Will your defense use the same terminology as the Jets?
“That is something that I will work on with the defensive staff once we have it in place.”
How much experience do you have calling defenses?
“For the past couple of years, I’ve had a great opportunity to work with Rex and call a vast majority of their defense. I also have a great deal of experience in making adjustments to the defense during the season that helped improve our unit’s performance.”
How will you use Mario Williams? Bills gave him a $100 million contract last year and some say it was a disappointment.
“We’re going to take advantage of not just his, but every player on this team’s skillset and find opportunities for them to generate situations to get after the quarterback. Mario is one of the best pass rushers in football and is a special talent. This is going to be the Buffalo Bills defense. It’s going to be built along the principles of being smart, tough and relentless and we’re going to pressure you. Like I’ve said, our defense will be built around the skillset of our players. It will be tailor made to the strengths of the Buffalo Bills.”
Have you had any previous working relationship with Doug Marrone?
“I have not worked with him before, but he and I have a ton of mutual friends. I met him when Syracuse came down to the Jets’ facility to practice for the 2010 Pinstripe Bowl. Syracuse wasn’t that far from Cortland so I had some opportunities to spend some time with him.”
Talk about your path to the NFL. You started as a prominent high school coach outside Philadelphia. You moved on to become a video assistant in Baltimore and worked your way up to the NFL coaching ranks. What was that process like?
“It certainly wasn’t the traditional path to the NFL. I kept in touch with Matt Cavanaugh who was a coach at Pittsburgh when I was a Graduate Assistant. When he was with Baltimore he gave me a call about a video/I.T. job they had available at the time. I learned how to convert play diagrams from one system to another which was a transition the Ravens’ coaching staff was making which got me in the door. I was thrown with Rex right away and it was a great experience to work with that organization, learn that defense and work with the outside linebackers. It grew from there. We had a special year in 2006 on the defense. I was fortunate enough when Rex was named the Jets coach in 2009 and it was a seamless thing for me join him as a coordinator. I look back on it and say ‘the planets were lined up.’”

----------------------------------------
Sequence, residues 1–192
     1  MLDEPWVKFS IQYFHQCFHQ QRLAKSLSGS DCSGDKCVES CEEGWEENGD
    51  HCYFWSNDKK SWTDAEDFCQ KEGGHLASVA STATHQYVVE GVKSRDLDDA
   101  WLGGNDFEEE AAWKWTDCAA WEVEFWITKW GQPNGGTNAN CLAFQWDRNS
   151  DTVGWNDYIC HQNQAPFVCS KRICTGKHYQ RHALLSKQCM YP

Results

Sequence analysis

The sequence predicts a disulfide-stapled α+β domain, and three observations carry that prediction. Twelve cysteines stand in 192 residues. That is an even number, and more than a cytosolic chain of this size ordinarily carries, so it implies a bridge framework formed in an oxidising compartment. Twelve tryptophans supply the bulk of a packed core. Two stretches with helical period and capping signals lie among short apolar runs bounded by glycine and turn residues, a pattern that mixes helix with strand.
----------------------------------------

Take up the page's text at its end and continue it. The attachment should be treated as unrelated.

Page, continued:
What are your thoughts about analytics? How do you use numbers to help you as a play-caller, talent evaluator and teacher?
“As a play-caller, you’re looking at tendencies. There are a lot of things and it’s a big part of what we do. I think the game analysis is real big on getting them out in different situations. We’ll break down first downs into first downs in a series, earned first downs across the 50, in the red zone, etc. We use that stuff extensively to help with the gut feeling of whether it’ll be a run or pass. As far as evaluating personnel, I look at the measurables from a standpoint of is this guy big and fast enough to play in the NFL. But there will be exceptions to that.”
I wonder if Pettine is actually a good coordinator. I guess we'll find out. He might want to too.
I agree we will all find out.... he didn't much more than hold the title of DC. Rex had to be calling all the shots on D right? He admitted himself (Rex) that he hasn't been in touch with the Offense so if he wasn't doing either what the F**K has Rex been doing the past four years?
Buffalo fans thinking they are getting Rex Ryan, nope. Pettine can't see the game unfold the way, or make in game adjustment like Rex does and Rex had to take over play calling often due to Pettine's conservative nature/lack of big plays.